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Stafford Hospital scandal - the personal stories
Julie Bailey
Julie Bailey from Cure the NHS campaigned for a public inquiry

Hundreds of families have been shocked and dismayed by the revelations about the failings at Stafford Hospital between 2005 and 2008.

During those years there were hundreds of deaths more than expected. A report from the Healthcare Commission laid the blame on "appalling" emergency care.

But what of the staff, families and friends who witnessed the tragedy?

Here, many of those affected talk of their distress, their horror, and their determination to set things right.

BBC Radio Stoke reporter Chris King and BBC Radio Stoke Breakfast Show presenter Pete Morgan asked many of those involved for their personal stories.

For more details, see: BBC coverage: Stafford Hospital scandal

Julie Bailey

Julie Bailey set up the Cure The NHS campaign group after her mother Bella died in Stafford Hospital.

She was shocked by the treatment her mother received, and found out she was not the only one with concerns.

It took three years of campaigning, but finally, a full public inquiry got underway in November 2010.

She believes that nurses weren't being allowed to do their jobs because they were being bogged down with other priorities.

She has also called for the an overhaul of the complaints system, saying it is not working.

Robin Bastin

Robin Bastin leaked the minutes of a private meeting about hospital infections. He contacted the Healthcare Commission.

An inspection they did in November 2006 resulted in a letter telling management that they were impressed by moves to improve the situation. But Robin was then told by a senior member of staff that "infection control in that hospital is dire".

It was not until the beginning of 2008 that a full investigation was finally launched into the standards of care there.

June Locke

June's daughter Jane died in July 2006, aged just 46. She had been to Stafford Hospital several times with stomach problems; she also developed cancer, which was later operated on. She contracted C-difficile, MRSA, and streptocochal - which it is thought was what eventually killed her.

It took 14 months for her inquest, and June says that when it did, they had nobody to advise them on what to do.

The eventual verdict was accidental death - but she said she was not happy with that either because she felt Jane had been neglected.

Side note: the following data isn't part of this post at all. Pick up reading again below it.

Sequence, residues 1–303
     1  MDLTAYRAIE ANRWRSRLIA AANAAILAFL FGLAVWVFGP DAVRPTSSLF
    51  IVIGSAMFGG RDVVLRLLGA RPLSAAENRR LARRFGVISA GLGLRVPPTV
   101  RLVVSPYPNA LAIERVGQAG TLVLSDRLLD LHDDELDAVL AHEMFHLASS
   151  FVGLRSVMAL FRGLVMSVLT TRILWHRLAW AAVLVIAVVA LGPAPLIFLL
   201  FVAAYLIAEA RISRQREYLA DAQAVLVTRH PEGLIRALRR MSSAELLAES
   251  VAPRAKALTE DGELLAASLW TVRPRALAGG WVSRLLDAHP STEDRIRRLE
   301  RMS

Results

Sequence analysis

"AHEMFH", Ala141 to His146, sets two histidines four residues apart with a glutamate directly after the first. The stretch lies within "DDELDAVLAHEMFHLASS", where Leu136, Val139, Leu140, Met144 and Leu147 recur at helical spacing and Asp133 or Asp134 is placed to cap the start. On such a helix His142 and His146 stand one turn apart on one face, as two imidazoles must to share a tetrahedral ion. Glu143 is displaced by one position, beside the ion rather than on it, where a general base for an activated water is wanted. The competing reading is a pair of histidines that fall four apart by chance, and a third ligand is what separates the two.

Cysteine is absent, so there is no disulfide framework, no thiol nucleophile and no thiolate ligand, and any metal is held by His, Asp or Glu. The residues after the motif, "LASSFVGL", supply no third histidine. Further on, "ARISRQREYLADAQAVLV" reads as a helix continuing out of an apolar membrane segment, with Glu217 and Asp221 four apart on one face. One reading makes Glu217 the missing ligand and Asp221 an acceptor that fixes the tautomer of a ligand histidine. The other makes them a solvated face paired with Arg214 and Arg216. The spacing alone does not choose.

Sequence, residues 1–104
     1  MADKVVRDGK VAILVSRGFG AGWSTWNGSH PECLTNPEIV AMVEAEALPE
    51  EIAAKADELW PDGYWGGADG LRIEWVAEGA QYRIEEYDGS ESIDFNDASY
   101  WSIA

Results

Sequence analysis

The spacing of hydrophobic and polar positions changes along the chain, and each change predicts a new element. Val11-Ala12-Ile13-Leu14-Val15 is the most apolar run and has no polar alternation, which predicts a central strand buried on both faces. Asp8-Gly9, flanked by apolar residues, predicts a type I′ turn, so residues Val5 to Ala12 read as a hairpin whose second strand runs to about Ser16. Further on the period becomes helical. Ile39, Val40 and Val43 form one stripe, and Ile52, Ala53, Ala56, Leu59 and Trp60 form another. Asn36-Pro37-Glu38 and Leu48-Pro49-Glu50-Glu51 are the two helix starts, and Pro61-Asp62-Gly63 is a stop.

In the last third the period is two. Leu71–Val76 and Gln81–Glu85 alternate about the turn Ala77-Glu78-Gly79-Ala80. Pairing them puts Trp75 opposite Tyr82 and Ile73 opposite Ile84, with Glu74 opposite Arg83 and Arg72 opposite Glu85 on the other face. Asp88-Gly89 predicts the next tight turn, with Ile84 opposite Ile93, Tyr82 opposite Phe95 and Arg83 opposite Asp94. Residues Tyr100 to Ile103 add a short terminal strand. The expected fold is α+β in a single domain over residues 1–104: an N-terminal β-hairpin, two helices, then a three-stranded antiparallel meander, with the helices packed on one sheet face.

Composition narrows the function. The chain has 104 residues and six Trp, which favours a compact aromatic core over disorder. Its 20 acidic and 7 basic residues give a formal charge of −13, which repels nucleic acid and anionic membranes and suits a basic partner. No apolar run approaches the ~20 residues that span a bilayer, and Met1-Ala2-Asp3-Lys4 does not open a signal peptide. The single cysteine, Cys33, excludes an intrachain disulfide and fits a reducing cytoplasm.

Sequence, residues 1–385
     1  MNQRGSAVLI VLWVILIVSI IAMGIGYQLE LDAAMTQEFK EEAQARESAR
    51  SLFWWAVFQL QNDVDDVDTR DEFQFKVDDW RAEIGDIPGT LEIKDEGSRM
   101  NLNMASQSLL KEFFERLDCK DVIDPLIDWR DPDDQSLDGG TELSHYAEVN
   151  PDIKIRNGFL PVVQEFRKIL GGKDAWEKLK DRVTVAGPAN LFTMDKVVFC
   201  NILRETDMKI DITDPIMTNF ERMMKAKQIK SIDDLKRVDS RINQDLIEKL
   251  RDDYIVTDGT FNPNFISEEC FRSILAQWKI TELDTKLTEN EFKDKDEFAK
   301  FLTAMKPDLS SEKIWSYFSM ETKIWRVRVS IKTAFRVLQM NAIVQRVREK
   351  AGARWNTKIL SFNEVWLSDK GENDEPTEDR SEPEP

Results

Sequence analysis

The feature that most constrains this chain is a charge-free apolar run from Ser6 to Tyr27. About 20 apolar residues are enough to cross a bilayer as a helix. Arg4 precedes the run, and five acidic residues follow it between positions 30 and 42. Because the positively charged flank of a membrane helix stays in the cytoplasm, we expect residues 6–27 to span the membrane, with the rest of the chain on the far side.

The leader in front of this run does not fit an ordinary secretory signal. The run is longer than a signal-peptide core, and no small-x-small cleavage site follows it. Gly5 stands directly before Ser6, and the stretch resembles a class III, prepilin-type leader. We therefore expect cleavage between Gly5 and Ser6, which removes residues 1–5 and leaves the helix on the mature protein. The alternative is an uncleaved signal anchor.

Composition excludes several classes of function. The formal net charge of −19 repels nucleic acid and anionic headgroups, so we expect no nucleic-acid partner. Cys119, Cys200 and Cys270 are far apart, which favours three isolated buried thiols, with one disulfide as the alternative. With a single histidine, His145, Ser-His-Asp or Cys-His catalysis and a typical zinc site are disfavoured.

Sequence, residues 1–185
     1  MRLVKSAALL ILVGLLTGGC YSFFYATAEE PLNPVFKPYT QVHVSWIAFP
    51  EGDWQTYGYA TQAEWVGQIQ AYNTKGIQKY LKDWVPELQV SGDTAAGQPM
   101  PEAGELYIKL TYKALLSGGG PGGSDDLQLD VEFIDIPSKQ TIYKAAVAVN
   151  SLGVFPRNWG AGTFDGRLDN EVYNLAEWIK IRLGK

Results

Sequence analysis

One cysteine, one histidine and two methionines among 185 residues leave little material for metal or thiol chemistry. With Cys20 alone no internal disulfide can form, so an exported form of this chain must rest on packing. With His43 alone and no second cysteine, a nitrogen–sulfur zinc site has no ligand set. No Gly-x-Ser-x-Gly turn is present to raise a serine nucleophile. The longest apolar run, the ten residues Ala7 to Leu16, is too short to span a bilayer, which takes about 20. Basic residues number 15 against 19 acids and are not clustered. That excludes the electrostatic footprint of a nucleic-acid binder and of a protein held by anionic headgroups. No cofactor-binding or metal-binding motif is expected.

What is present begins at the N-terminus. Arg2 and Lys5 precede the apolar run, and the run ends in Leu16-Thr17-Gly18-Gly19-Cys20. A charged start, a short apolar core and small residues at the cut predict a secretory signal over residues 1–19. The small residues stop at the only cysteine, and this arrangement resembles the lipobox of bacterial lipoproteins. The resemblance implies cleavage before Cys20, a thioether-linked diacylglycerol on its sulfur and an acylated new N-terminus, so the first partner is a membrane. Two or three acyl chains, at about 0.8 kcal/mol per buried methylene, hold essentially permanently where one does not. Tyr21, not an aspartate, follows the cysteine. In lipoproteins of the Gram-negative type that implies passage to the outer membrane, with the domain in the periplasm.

"It's been a tragedy for Stafford and people don't realise that. This is our hospital - we are responsible, up to a point, in making sure that these people aren't able to do all this harm they've done," said June.

Deb Hazeldine

Deb Hazeldine described how her life was destroyed by the death of her mother.

Deb's mum Ellen was admitted to Stafford Hospital in July 2006 after having a fall at home. She contracted a hospital superbug which, it is believed, led to her death.

Furthermore, there was a mix up at the hospital mortuary in which the undertakers were handed forms saying that Ellen's body was highly infectious, so people should not be allowed to see her.

In the end, Deb, her father and her brother did see her - but only for a few minutes when she was in a body bag.

Terry Deighton

Terry Deighton told the inquiry that he was sent a threatening letter after he went to the press about the failings at the hospital.

Mr Deighton had been a member of the Public & Patient Involvement forum - a group which was supposed to be keeping an eye on the hospital. He says he became so frustrated by the group's lack of action over his concerns that he quit and decided to go public.

He says after speaking to the press that he received a letter from solicitors representing the hospital telling him that if he went anywhere near the site he could be prosecuted. He also said he received two more, which insinuated that if he didn't "haul (his) comments in he'd find himself in trouble".

Sandra Whitehouse

Giving evidence about the death of her mother to the public inquiry, Sandra Whitehouse said that she was ashamed of the NHS.

Sandra said that her mum Joan received just one day of care in four weeks - and that was the day she died. She says that she was ignored by staff, who didn't give her anything to drink, despite knowing that she needed help.

She wrote several letters to the then Chief Executive Martin Yeates, but she told the hearing it was easier to get hold of "the Lord Himself". When the report on Joan's death finally came back, she said she was not satisfied because all the measures they were apparently going to take should already have been in place.


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